Sunday, February 23, 2014
Marble Cake with Meyer Lemons and Chocolate
People, you’re in for a treat. When he tasted this cake from Eat the Love, the Engineer said, “Oh my God! This is the best cake you’ve made… I think…” And he confirmed that was the end of his sentence. In the following days, he said that “other cakes bow down before it”, including the maple carrot cake he’d liked so much recently. He would even like it as a birthday cake (but there are no Meyer lemons on his birthday, usually). I loved this cake as well: it’s got a great crumb and stays moist a long time, so it’ll easily keep for a few days. The glazes are good, too, and help camouflage any imperfections due to unmolding. The lemon flavor in the cake does not take center stage; it merely complements the chocolate, so it’s perfect.
I’ve slightly adapted the recipe below for the order of the steps. Note that my Meyer lemons has been exposed to cold, and it seemed like the pulp inside was completely loose inside the skin, but they were still perfectly good. I’d consider making it with regular lemons, too.
For the cake
zest from 2 Meyer lemons
¼ cup Meyer lemon juice (I got this from the 2 Meyer lemons I’d zested)
¾ cup lactose-free whole milk
2 ¾ cups all-purpose flour
1 tsp. baking powder
1 tsp. baking soda
½ tsp. salt
2 ½ cups sugar, divided
½ natural cocoa powder (not Dutch-processed)
¼ cup golden syrup or light corn syrup
½ cup boiling water
3 tsp. vanilla, divided
1 tsp. instant coffee
1 cup (2 sticks) cold margarine (or butter at room temperature)
4 large eggs
For the vanilla glaze
2 to 2 ½ cups confectioners’ sugar
¼ cup lactose-free whole milk
1 tsp. vanilla extract
For the chocolate glaze
1 cup confectioners’ sugar
2 Tbsp. natural cocoa (not Dutch-processed)
2 Tbsp. lactose-free whole milk
For the cake
Preheat oven to 350 °F. Generously grease and flour and standard-size Bundt pan.
Zest the Meyer lemons into the bowl of a stand mixer fitted with the paddle attachment. Squeeze the Meyer lemons to get ¼ cup of juice and add to the milk; stir and set aside to thicken.
In a medium bowl, whisk the flour, baking powder, baking soda and salt. Set aside.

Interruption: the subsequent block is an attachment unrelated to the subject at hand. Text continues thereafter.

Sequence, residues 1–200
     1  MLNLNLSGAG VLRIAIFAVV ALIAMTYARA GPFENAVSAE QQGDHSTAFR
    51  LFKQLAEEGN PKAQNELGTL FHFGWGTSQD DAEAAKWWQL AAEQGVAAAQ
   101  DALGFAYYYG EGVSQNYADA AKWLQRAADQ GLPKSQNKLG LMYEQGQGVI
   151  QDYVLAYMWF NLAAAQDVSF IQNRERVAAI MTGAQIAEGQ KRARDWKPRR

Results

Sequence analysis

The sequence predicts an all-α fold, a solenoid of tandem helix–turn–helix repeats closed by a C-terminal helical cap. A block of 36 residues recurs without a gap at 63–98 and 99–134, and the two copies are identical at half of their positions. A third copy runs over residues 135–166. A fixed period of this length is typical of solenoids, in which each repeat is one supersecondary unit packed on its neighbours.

Make a chocolate syrup by combining ½ cup sugar, cocoa powder, golden syrup, hot water, 1 tsp. vanilla and instant coffee together in a small saucepan. Heat on medium-high heat until the sugar dissolves. Remove from heat and let cool while you make the cake batter.
Place the margarine and remaining 2 cups sugar in the bowl with the Meyer lemon zest. Cream together until fluffy, about 2 minutes on medium speed. Add the eggs, one at a time, beating to incorporate each egg before adding the next one. Mix in the remaining 2 tsp. of vanilla. Add about a third of the flour mixture and beat to incorporate. Add about half of the milk mixture and beat to incorporate. Continue alternating flour and milk additions, beating to incorporate each time.
Spoon a third of the batter into the pan with the chocolate syrup. Stir to mix. (I found this chocolate batter to be very liquid, but as I’ve said, the cake turned out fine!)
Spoon half of the remaining lemon batter into the prepared Bundt pan. Add the chocolate batter on top. Spoon the remaining lemon batter on top of the chocolate batter. Using a butter knife, swirl the batter together in a figure-eight pattern throughout the pan once (but don’t overmix, as you want to marble the batter and not blend it). Place the cake in the oven and bake for 50 to 60 minutes, until a toothpick inserted into the center comes out clean. Let sit in the pan for at least 45 minutes (or until the cake pan is still warm to the touch but not hot) and invert onto wire rack to cool completely. (This is where I lost a piece of the cake to the bottom of the pan. Fear not, the glaze will cover it! Just pat it back in place and keep going with the recipe if that happens.)
For the glazes
Once the cake has cooled completely, move it to a cake stand and prepare the vanilla glaze by sifting the confectioners’ sugar into a medium bowl. Add the milk and vanilla and stir with a fork. If the glaze is too thin, add more confectioners’ sugar, 1 Tbsp. at a time. If the glaze is too thick, add more milk 1 tsp. at a time. Drizzle the vanilla glaze over the cake.
Once you’ve used up the vanilla glaze, make the chocolate glaze (in the same bowl, if you want) by sifting the confectioners’ sugar and the cocoa into the bowl and adding the milk. Again, if the glaze is too thin, add more sugar, and if it is too thick, add more milk. Drizzle the chocolate glaze over the vanilla glaze and let set before serving.